By David Rubin
Well, this is going to be even harder than I thought, in light of yesterday's elimination. Going back in time to describe my last visit to Shea some 16 days ago was, I thought, going to be a great way to say good-bye to the regular season, and give me enough to write about while waiting for the first play-off game on Wednesday vs. the Cubs...and now, it's a real coda to the season, to this team and to this website. I'll explain each in greater detail.
My friends Mark and Danny joined us for the double-header, and we got there 2 hours before game time, enough time to browse the depleted racks of the team store and grab the first of 3 ballpark meals of the day. And by depleted, I mean "filled with Castillo and Perez and Wagner and Wright/Reyes stuff" with no Santana or Pedro or Delgado or Pelfrey or even Church stuff to be found. Thankfully, we had hit a Modell's prior to the game, so we restocked our t-shirt collections sufficiently enough to call the trip a success (on that front, at least.)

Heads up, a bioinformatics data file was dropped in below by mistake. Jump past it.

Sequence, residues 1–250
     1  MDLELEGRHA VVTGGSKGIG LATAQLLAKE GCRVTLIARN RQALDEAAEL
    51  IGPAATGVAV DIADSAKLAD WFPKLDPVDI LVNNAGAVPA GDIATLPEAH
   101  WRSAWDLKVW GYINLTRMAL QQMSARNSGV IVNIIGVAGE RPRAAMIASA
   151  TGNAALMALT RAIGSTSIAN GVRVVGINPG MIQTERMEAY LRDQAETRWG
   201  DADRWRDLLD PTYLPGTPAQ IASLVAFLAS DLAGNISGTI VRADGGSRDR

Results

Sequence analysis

The memories would remain in our head, but IF we could start the 2009 season fresh, in state-of-the-art facilities, in a first class ballpark, for once, perhaps we could indeed hope for a better tomorrow! And yet, walking out of Shea nearly 9 hours after our arrival, we couldn't help but shed tears, as we realized what being a Mets' fan really is about - dealing with the myriad disappointments, with just enough incredible seasons sprinkled throughout our history to give us hopes each and every season...and that's what it's about, folks- HOPE!!! Otherwise, why buy the merchandise? The tickets? Give up doing other things when the game is on? Buying the bigger screen tv? Sweating and hurting with every loss? It's all because of that deadly, 4-letter word that brightens the shores of Mets' fans everywhere, come February...HOPE!! You feel it in spring training, when all teams are tied for first, where the next Dwight Gooden might show himself, or where the "next great free agent signing" debuts to thunderous applause, making it that much harder for him when the first regular-season boos are heard when he strikes out three times in a game or gets taken deep for a homer to lose a game.